Thursday, January 10 7:15 p.m. at Municipal Building Variance for Edward Sutton Map 36, Lot 1



of our country. Unfortunately, most Americans are totally ignorant about what is happening to our once great nation. Barack Obama, when he was running for president in 2008, stated that, “his goal was to fundamentally change America.” He has succeeded beyond his wildest dreams. We are now a shadow of the great nation that has sat astride the world since WWII. Our political system is grossly corrupt and judging by the results of the recent election, a clear majority of Americans could care less as long as the goodies keep on flowing out of Washington, D.C. We are doing a great disservice to our children and grandchildren. They will never be able to get out from under the awful mess we are leaving for them. Shame on all of us. Robert M. Howe Jr. Bridgton

January 10, 2013, The Bridgton News, Page B


Raymond Broadcasting Studio 423 Webbs Mills Road, Raymond Maine 04071

PLANNING BOARD NOTICE OF PUBLIC HEARING Wednesday, January 16, 2013 7:00 p.m. The Town of Raymond Planning Board will hold a public hearing on Wednesday, January 16, 2013 in accordance with Article 7 of the Land Use Ordinance, and 30-A MRSA §4352 for the purpose of receiving public input on proposed amendments for the following ordinances: – Addressing Ordinance of the Raymond Miscellaneous Ordinances – Article 6, Section D (Reductions from Minimum Setbacks) of the Raymond Land Use Ordinance, and Section 16G (Appeals) of the Raymond Shoreland Zoning Ordinance – Article 8B (Net Residential Density Calculation) of the Raymond Land Use Ordinance. – Article 9, Section T (Back Lots and Back Lot Driveways), Article 12 (Applicability and Definition of Terms Used in this Ordinance) of the Raymond Land Use Ordinance, Article 3 (Definitions) of the Raymond Subdivision Ordinance and Raymond Street Ordinance The complete text will be available online at and at the Town Office by January 9, 2013. 2T1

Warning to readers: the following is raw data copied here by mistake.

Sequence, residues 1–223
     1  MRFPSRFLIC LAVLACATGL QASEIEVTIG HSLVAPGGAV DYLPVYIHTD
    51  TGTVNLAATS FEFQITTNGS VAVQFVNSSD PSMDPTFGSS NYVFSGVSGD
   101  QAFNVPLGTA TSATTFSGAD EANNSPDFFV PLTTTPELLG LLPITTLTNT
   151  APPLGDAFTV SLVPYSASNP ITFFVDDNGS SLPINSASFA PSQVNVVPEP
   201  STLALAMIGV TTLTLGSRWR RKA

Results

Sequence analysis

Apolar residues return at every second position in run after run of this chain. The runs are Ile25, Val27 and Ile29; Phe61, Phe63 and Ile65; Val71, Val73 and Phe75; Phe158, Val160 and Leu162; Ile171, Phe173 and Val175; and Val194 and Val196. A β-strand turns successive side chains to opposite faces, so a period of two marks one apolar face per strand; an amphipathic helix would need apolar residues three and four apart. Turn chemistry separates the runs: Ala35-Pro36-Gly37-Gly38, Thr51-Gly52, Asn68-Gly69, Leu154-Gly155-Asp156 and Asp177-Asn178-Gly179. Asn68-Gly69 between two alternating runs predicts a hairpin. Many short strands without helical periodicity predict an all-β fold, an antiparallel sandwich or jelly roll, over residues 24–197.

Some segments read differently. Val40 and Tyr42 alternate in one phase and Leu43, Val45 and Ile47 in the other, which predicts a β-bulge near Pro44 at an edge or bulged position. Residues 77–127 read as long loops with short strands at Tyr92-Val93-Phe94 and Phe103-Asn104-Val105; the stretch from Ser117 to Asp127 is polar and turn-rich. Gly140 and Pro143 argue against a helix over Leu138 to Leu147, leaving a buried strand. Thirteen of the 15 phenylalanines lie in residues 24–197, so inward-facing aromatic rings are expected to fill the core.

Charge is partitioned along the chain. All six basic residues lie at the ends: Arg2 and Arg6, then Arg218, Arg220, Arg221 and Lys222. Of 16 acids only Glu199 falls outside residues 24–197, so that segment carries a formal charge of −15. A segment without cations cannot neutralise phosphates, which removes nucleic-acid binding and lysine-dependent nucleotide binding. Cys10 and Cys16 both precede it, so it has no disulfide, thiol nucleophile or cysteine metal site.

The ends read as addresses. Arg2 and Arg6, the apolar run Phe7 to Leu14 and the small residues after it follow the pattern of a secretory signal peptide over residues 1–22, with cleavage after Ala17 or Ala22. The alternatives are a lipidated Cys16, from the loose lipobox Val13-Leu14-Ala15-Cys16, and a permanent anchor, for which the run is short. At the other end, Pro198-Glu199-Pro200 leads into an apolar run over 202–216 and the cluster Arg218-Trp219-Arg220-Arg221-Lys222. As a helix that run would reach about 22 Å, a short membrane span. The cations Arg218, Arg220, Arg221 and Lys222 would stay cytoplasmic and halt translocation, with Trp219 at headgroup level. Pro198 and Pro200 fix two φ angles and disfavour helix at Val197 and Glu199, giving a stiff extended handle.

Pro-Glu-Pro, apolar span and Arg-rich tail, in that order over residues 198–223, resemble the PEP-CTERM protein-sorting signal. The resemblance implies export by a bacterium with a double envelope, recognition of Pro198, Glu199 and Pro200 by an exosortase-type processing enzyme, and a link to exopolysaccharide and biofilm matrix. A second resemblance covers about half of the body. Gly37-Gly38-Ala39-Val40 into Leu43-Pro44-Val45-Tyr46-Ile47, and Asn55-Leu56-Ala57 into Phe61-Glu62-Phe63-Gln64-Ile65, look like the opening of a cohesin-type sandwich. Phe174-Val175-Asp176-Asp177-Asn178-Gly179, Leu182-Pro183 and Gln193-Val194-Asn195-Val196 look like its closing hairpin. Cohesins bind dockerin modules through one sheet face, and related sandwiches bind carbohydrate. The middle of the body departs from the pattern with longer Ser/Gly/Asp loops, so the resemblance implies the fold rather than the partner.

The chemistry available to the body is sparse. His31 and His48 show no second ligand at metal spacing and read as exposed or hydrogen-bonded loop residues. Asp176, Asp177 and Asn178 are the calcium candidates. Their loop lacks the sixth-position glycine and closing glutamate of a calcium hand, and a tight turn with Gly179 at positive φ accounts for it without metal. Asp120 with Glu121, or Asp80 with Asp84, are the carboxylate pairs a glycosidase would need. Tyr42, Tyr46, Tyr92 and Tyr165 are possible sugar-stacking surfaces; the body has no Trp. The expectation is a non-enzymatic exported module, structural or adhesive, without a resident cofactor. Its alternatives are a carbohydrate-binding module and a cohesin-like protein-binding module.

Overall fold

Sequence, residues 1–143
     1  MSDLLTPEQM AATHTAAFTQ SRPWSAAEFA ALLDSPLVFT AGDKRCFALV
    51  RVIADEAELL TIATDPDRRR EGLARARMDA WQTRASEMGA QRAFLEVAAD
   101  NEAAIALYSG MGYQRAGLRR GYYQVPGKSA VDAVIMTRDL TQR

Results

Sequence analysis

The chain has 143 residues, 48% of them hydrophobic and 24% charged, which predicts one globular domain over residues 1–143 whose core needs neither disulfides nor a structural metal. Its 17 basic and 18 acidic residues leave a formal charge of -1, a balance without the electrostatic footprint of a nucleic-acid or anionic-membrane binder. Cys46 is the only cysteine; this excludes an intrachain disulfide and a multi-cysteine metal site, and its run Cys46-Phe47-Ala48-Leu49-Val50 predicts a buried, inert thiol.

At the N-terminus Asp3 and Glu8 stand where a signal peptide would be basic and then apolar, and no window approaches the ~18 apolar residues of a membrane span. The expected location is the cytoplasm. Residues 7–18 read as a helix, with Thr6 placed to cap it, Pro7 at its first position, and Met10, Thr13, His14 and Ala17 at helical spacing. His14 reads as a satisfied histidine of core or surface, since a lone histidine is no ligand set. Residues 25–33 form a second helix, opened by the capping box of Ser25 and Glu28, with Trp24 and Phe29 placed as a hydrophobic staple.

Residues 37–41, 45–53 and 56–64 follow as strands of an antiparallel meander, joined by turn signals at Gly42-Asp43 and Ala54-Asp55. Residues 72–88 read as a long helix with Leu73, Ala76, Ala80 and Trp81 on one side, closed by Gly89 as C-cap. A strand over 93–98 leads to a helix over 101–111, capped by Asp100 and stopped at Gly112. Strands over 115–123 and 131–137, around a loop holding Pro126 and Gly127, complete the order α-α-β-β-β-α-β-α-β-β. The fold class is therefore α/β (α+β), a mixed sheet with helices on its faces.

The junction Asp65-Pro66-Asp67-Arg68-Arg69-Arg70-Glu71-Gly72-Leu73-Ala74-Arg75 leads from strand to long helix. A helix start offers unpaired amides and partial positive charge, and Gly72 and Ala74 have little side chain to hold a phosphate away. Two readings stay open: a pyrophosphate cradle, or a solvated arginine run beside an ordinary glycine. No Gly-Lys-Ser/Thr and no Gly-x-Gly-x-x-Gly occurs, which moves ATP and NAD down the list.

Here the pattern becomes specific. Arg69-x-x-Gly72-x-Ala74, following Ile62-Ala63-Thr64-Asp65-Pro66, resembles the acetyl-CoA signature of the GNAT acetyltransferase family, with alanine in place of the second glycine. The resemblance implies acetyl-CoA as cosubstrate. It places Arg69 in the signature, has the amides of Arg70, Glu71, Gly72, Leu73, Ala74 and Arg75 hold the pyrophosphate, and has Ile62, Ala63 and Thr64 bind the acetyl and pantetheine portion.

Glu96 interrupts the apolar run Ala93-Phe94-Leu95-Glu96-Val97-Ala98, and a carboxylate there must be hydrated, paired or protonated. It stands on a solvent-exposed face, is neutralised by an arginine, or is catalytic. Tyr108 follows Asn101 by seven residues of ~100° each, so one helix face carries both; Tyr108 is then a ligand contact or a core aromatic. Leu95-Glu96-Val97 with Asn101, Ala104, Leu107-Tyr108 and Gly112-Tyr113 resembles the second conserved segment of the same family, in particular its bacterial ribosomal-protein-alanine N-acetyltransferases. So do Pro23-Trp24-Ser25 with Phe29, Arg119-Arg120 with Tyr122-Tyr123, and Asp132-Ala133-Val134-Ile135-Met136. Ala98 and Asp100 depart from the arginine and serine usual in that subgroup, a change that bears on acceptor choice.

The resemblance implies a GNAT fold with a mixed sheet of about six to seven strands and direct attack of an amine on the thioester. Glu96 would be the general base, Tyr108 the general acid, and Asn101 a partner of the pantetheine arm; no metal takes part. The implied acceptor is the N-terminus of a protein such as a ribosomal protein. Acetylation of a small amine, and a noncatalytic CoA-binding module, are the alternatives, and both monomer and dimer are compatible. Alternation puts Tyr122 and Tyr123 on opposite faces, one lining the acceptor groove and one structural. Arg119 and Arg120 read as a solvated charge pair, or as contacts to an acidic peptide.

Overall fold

Public Notice


Erosion Control Practices Class The Town of Naples is sponsoring the Department of Environmental Protection Basic Erosion Control Practices Class on January 24, 2013 from 8:00 a.m. to 4:00 p.m. The workshop will be held at the Naples Town Office, 15 Village Green Lane, Naples, Maine. Earthwork Contractors in the shoreland zone must be certified after January 1, 2013. Any excavation contractor, including landscaping contractors that engages in any activity that adds or displaces more than one cubic yard of soil within the shoreland zone must have a person certified in erosion and sedimentation control practices by DEP on site each day earth-moving activities occur. This course is necessary to become certified in erosion control practices by the Department. In addition to sections on “Why Erosion Control is Important,” and “Erosion and How it Happens,” participants are provided with information on the proper selection, installation and maintenance of practices such as sediment barriers, mulch, vegetative stabilization, riprap, etc. The cost of the course is $45.00. Please contact Reneé Carter or Barbara Beckwith for more information. Naples Town Office Gymnasium 15 Village Green Lane, Naples, Maine 04055 51-1-2 (207) 693-6364